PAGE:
Some environmental groups and county officials have begun positioning themselves to challenge any new license agreement for the operation of the Conowingo Dam.

This June, the Clean Chesapeake Coalition, a group of Maryland counties which has expressed concern that increased pollution from the dam could overwhelm their Bay cleanup efforts, filed a motion with the Federal Energy Regulatory Commission to intervene in the relicensing.

In July, a coalition of environmental groups, including the Stewards of the Lower Susquehanna, the Lower Susquehanna Riverkeeper and Waterkeepers Chesapeake, which includes riverkeepers around the Bay, also filed a motion with FERC to intervene. The Chesapeake Bay Foundation, the largest environmental group in the region, filed a motion in August.

The motions allow the groups to formally comment on any proposed license submitted to FERC, and also give them the ability to challenge any final license in federal court.

The 30-year license the dam is now operating under is due to expire Sept. 1, 2014. State and federal officials have been negotiating with Exelon Corp., which owns the dam, over environmental conditions to be included as part of any new license. The goal is to agree on conditions this fall and submit them to FERC for inclusion in the new license.

Exelon is seeking a new license to operate the dam for 46 years.

Among the issues being dealt with in the relicensing negotiations is improved passage for migratory fish, the impact of fluctuating water flows from the dam on downstream habitats and species, and river access.

But the most vexing issue is what to do about the sediment that has been accumulating behind the dam since it was built in 1928. During large storms, huge amounts of the stored sediment, along with phosphorus bound to the sediment, is flushed from behind the dam into the Bay which is 10 miles downstream.

In the Bay, the sediment clouds the water, blocking sunlight needed by underwater grass beds, and can smother oyster reefs and other habitats. The phosphorus can contribute to algae blooms.

Because the dam has nearly reached is storage capacity for sediment, a recent study suggested that smaller storms are beginning to wash increased amounts of sediment downstream. That threatens the ability of states to reach Bay water quality goals.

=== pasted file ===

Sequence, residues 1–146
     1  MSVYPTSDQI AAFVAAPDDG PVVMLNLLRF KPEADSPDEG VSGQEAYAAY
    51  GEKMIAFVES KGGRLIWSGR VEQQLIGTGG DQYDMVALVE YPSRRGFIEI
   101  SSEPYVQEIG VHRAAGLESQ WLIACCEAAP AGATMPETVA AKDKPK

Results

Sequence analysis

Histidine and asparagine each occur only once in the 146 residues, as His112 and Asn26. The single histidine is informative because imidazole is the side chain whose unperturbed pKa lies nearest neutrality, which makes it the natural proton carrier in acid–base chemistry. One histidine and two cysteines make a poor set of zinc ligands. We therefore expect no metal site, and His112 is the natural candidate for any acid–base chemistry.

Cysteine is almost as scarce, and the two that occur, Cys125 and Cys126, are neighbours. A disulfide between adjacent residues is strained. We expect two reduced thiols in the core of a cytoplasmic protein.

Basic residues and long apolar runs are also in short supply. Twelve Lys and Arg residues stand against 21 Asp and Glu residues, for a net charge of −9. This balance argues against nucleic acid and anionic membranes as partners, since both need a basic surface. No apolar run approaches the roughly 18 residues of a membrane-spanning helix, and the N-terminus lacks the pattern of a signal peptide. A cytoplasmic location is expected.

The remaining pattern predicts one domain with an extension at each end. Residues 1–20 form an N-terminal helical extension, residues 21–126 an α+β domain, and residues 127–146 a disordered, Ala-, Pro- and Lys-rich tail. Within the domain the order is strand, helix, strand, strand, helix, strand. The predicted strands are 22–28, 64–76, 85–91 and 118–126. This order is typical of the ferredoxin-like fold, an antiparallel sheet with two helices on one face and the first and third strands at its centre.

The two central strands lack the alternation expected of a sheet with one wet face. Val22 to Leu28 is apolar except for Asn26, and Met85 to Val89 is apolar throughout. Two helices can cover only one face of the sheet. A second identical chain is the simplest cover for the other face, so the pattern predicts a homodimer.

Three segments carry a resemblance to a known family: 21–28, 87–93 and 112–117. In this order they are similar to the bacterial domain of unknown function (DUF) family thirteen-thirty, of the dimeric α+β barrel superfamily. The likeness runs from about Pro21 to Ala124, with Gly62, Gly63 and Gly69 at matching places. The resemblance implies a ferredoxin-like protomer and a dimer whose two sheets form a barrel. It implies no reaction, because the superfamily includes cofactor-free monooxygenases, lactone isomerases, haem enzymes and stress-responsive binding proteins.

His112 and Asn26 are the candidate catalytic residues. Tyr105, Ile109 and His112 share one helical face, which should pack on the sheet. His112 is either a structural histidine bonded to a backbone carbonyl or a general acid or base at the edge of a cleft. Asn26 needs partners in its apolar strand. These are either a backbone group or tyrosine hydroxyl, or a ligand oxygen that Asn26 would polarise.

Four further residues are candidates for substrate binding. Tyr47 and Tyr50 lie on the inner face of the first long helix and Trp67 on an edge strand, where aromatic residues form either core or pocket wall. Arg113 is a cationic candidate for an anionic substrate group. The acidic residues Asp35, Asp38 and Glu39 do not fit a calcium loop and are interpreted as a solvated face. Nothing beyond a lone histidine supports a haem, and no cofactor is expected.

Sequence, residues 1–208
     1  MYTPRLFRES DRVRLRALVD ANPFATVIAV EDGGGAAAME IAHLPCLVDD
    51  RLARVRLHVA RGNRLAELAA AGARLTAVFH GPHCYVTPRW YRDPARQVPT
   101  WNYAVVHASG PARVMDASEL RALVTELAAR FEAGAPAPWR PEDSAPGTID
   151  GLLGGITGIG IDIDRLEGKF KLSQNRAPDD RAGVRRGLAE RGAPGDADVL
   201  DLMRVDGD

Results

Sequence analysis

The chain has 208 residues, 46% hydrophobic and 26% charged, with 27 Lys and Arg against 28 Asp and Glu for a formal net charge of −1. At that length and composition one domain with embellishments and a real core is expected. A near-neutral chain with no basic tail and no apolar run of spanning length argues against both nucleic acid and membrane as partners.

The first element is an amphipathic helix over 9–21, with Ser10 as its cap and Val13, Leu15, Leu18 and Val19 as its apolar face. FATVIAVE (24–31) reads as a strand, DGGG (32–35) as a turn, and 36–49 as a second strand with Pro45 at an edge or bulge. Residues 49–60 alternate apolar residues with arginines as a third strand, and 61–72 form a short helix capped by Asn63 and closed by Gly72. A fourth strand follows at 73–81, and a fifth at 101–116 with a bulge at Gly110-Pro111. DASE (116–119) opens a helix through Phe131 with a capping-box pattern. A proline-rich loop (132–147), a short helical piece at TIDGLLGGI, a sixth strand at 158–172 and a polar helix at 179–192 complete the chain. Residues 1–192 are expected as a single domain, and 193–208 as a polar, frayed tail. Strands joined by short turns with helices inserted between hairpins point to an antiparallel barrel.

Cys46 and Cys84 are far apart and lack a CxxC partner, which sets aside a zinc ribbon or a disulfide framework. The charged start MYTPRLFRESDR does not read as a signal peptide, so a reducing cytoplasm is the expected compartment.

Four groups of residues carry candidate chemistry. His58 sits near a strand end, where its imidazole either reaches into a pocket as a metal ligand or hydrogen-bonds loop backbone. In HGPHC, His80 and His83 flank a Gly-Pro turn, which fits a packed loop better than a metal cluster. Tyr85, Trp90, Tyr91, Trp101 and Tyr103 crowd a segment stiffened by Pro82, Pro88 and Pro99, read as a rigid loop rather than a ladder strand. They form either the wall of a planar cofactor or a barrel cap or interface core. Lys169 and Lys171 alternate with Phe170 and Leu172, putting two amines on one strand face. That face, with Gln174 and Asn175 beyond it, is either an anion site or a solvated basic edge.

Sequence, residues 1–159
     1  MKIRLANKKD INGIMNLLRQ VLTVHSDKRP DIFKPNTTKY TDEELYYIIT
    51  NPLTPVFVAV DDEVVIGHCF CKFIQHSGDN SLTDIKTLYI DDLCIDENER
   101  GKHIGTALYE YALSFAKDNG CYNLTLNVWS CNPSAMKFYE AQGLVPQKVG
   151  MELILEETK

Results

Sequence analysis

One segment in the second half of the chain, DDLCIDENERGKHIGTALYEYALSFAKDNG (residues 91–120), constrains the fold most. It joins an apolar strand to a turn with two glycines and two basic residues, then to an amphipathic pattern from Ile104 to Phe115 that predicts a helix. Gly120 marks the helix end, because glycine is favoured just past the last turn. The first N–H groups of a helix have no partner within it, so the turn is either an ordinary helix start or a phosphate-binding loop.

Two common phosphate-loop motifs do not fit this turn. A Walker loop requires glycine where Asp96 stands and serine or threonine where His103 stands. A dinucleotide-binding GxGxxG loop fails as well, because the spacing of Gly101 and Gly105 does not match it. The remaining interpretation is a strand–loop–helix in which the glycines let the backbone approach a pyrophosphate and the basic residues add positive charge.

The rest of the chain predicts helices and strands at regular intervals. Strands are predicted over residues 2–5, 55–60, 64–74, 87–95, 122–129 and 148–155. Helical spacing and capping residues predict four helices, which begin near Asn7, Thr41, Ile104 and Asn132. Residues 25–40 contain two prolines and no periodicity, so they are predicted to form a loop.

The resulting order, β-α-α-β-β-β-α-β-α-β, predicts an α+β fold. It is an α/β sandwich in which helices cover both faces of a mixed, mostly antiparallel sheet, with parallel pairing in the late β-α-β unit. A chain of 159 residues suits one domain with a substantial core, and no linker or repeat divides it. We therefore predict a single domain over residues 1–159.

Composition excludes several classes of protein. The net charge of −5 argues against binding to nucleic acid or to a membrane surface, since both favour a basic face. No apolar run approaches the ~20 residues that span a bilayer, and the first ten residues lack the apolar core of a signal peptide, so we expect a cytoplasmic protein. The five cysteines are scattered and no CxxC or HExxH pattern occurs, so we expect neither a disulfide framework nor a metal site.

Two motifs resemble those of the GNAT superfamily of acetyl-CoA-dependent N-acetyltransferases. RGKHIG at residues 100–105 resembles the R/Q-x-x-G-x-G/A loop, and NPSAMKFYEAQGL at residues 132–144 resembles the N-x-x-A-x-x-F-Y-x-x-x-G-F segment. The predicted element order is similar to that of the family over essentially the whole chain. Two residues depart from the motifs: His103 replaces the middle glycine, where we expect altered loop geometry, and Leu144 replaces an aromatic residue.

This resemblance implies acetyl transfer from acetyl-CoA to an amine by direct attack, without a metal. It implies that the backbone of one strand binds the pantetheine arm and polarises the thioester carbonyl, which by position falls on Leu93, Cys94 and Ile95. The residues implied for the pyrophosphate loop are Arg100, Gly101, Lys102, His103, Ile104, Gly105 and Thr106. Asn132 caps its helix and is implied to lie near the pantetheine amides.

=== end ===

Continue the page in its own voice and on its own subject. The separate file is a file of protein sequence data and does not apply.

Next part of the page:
The issue has no easy fix, and past studies have suggested solutions such as dredging sediment from behind the dam could cost tens of millions of dollars a year. Another study seeking to find a solution is under way.

A group of Maryland counties represented by the Clean Chesapeake Coalition has expressed concern that their efforts to reduce nutrient and sediment pollution to the Bay will be undercut unless something is done to prevent increased sediment and nutrients from escaping the dam.

“Unmanageable amounts of nutrients and sediments are being scoured from the Conowingo reservoir and flushed into the Upper Bay during storm events,” said Ron Fithian, a Kent Count Commission and chairman of the coalitions executive committee. He said local cleanup plans required for counties “will be difficult to justify and Maryland’s Bay restoration efforts will continue to be undermined if this single largest source of pollution is not addressed during FERC relicensing.”

The environmental groups also stressed the need to find a solution to the sediment problem. Michael Helfrich, the Lower Susquehanna Riverkeeper, said the “unnatural amounts” of sediment that can be released downstream during major storms because they have been allowed to build up behind the dam for decades “are damaging the Bay, and making the work of cleaning up the Bay even more difficult. Solutions to this, and other impacts, must be addressed in the relicensing process.”